I travel between Cleveland and Buffalo regularly, and this includes winters. I’m in need of having a relatively reliable car that will do well in our winters. Practicality and price are my two biggest factors. I would like very much to keep the price as low as possible (under $5000). Subaru? RAV? CRV? Help? Thank you!
Anything with AWD and good winter tires will get you anywhere you want to go on any public road.
Pick up a Consumer Reports New Car Previuew at the local book store, pick your favorites, and spend a weekend test driving. The coices are myriad.
Thanks for the quick response. But, I’m in need of a used car. I’ve got about $5000 cash and can’t really afford to take on debt (would maybe take on $1000 - $2000 if I believed that that’s what it would take to improve my odds).
Had an irrational love feeling towards Subaru, but I’ve read so much about head gasket issues that I wanted to see if anyone could suggest a best bet for older model somethings.
4-cylinder Subarus of the '96-'02 vintage do have a much higher than normal rate of head gasket failures.
However, if you can locate one of the relatively-rare 6 cylinder Subaru Legacy or Outback models (beginning with the '01 model year), you can take comfort that these engines are essentially bullet-proof, have no unusual incidence of head gasket problems, and they utilize a timing chain, rather than a timing belt that has to be replaced every 105k miles. The six-cylinder model gets about 1-2 mpg less than the 4 cylinder model.
All of that being said, when buying a used car, the most important factor is how well it was maintained.
Proper maintenance by the first owner is actually more important to the second or third owner than the make and model, in terms of a predictor of how many problems you are likely to have with a car. As a result, I would not buy a used car unless it came with full maintenance records that I could compare with the mfr’s maintenance schedule.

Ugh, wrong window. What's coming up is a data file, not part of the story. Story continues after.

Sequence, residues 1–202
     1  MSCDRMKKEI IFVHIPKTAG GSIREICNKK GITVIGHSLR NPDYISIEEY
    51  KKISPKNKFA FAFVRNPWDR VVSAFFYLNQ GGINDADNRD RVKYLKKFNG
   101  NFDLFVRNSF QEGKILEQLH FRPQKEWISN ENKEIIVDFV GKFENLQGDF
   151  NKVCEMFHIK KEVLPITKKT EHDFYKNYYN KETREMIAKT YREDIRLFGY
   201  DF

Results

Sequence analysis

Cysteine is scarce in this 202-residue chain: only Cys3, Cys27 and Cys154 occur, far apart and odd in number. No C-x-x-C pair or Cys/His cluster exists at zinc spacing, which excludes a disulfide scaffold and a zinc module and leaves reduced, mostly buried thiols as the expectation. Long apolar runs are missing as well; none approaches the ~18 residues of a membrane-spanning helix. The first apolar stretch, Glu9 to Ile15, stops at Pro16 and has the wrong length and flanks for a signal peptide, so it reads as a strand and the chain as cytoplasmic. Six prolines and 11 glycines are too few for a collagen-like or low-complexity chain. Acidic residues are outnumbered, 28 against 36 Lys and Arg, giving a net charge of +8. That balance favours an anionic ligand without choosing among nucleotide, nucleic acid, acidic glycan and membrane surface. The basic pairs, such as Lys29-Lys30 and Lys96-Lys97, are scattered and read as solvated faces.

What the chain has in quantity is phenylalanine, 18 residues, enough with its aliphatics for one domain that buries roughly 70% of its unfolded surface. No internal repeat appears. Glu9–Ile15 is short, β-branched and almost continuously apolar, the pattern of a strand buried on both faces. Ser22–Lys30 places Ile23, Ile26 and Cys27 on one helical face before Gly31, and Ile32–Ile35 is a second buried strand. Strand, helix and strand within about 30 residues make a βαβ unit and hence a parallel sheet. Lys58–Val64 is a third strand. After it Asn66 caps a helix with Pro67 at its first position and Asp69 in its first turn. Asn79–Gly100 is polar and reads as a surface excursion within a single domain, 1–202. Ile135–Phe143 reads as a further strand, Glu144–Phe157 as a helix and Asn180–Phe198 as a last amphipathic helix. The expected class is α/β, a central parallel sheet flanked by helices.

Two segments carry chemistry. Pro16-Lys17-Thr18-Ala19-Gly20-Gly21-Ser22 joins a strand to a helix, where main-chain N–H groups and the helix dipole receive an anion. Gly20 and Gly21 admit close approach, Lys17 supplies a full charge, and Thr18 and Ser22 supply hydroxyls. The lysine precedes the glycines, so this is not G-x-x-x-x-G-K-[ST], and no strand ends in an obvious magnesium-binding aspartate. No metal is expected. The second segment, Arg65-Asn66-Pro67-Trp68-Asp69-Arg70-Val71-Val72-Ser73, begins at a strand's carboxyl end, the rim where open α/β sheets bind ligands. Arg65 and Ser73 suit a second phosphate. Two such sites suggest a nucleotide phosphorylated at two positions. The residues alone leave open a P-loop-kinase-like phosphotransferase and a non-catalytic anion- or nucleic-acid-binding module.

But, whether you can get maintenance records or not, having a finalist for purchase checked over by your own mechanic is vital. He can detect collision damage that you might not notice, and he can also spot developing problems that are likely to explode in your wallet after purchase.
And, do NOT rely on Carfax to tell you anything significant about the car’s past. Those reports typically omit more information than they include.
Thank you! That was invaluable!
The hard part is going to be taking my time to do it right. Don’t know if anyone noticed, but summer is here and my kids need rides everywhere. ( :
Is there a specific number/letter combination that goes with the Outback/Legacy that would tell me that it’s a 6-cylider? If I’m understanding you correctly, it is not every Outback or Legacy from after '01. Thank you.
You’ll probably need to read the advertisement to find out which engine it has.
Have you tried this drive in a car with 4 winter tires? A front-wheel-drive car with 4 good (Michelin is one brand) winter tires can do quite well, I used a VW GTI for 12 years in Anchorage and never got stuck.
In the crowd I hang with, there are some like you who drive inexpensive awd cars for just the same reason as you. They must travel many miles in the winter and don’t have a large budget.
You must be ready to give up some comfort and the best economy, but far and away, the most popular cars for reliable, cheap and functional winter use in this group of awd users are CRVs and RAVs. They have become the first choice of those who drive used awd cars. Many buy them at 100k and run them to past 200k with good success and minimal problems. Subarus are not as popular used in this group. They tend to be more expensive and have more problems used, though they ride and handle better. The Escape was an option for a few at a cheap price but fell out of favor because of reliability issues when going that many miles.
I would focus my search on these two makes and include an extra set of winter tires on rims. If you drive with these tires only in the winter, you add nothing to your tire expense over the life of the car and experience much safer driving year round as you can specialize for the seasons. If you want to go with one tire type year round, all terrain tires do quite well at the expense of summer ride and noise. You can’t have it all on $5k.